Mandalorians: Their History and Culture

The Star Wars Track at Dragon Con opened their 2023 panel series at 7:00 pm Thursday evening in Marriott A706 with a discussion of what has become one of the most fascinating and complex dimensions of the entire franchise: Mandalorians. Before the track organizers could put out their signage, members formed a queue that ran back to the hotel lobby. John Ficker, Emma Swanson, James Clarke, and Kyle Bennett led the packed room through an overview of Mandalorian history and culture. A discussion of this culture and its place in the fannish universe speaks to creative energy that has forged the breadth and depth of the franchise itself.

Mandalorian culture and history cuts across the history of the long-running franchise from a galaxy far, far away, with a genesis found in the character of Boba Fett, who first appeared in the franchise’s infamous holiday special and then in several of the franchise’s films. Based originally upon Ralph McQuarrie’s concept art for a “Super Trooper,” and assembled by Joe Johnston, the character’s brief appearances inspired the creation of an entire universe that grew as stories about his people and their past began to appear across novels, video games, animated, and live action series production.

Mandalorians are not a race; ethnic and racial ties do not bind this culture together. What does is creed and commitment. This “multi-species semi-nomadic” culture is one predicated first and foremost upon martial values, and the tragedy of the Mandalorians lies in the inherent challenges created by such belief systems. Ambition, the quest for power, and fierce loyalty mixed to create a history filled with factional strife and conflict. Like the ancient Greeks, if Mandalorians lacked a common enemy, they fought among themselves. Unique to the Star Wars universe, Bennett explained, Mandalorian history is driven by political divisions which, over time, literally led to the destruction of their world and the scattering of the remnants of their people.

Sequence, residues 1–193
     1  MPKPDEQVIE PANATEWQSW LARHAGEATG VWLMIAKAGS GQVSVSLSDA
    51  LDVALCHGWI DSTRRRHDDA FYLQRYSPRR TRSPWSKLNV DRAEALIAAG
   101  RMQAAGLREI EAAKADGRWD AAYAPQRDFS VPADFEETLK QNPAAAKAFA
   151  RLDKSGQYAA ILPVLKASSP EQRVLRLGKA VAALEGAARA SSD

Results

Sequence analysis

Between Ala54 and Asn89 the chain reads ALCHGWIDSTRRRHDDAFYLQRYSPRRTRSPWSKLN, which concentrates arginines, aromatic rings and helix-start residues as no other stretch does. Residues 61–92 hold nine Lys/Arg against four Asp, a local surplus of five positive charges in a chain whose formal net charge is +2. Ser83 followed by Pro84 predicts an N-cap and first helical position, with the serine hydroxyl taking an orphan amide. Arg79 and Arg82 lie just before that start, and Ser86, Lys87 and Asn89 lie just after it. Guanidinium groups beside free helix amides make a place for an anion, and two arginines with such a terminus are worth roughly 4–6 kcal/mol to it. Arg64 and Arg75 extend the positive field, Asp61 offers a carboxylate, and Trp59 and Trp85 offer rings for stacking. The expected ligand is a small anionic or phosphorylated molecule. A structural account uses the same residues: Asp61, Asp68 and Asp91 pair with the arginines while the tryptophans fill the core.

In cultures like this, objects associated with the ruler have great meaning and impact. Originally the “Mandalore” or ruler was recognized by his helm, known as the “Mask of Mandalore.”  With time, that symbol of power and authority shifted to the Dark Saber. Created by Tor Vizsla, both Mandalorian and Jedi, this weapon, and the quest for the power it represented, led to great sadness and destruction. As Swanson pointed out, those who seek it usually go bad, and the results are all too often tragic. Bo Katan’s experience with the saber is the classic example.

A key creative force in the development of this culture was Karen Traviss. Between 2004 and 2009, Traviss published nearly twenty works (short stories, novels, articles, and essays) fleshing out the Mandalorians, their history, and the connective tissue between this culture and the larger franchise universe (especially the Fetts and Clones). Traviss, influenced by the work of JRR Tolkien, understood the importance of language to the creation of a fully realized world. As a result, she created the Mandalorian language known as “Mando’a.” Beyond Traviss’s work, the panel recommended that those interested in learning more should also consult the “Open Seasons” and “Kotor” comic series.

One of the final questions during the Q&A asked the panelists to reflect on the phenomenon of an entire culture growing out of the relatively brief appearance of a single bounty hunter. Their answer: mystery. Boba Fett, the bounty hunter/lone gunman, clad in that unique armor and who let his actions speak for him, managed to outsmart Han Solo. Who was this man?  Where did he come from, and what about that armor and weaponry?  Answering those questions across both “Legends” and “New Canon” has given us the rich and fascinating world of the Mandalorians.



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